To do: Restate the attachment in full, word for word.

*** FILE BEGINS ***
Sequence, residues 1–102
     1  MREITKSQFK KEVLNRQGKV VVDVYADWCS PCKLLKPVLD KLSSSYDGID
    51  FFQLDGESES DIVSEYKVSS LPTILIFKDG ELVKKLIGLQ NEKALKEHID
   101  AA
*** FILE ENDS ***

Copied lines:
Sequence, residues 1–102
     1  MREITKSQFK KEVLNRQGKV VVDVYADWCS PCKLLKPVLD KLSSSYDGID
    51  FFQLDGESES DIVSEYKVSS LPTILIFKDG ELVKKLIGLQ NEKALKEHID
   101  AA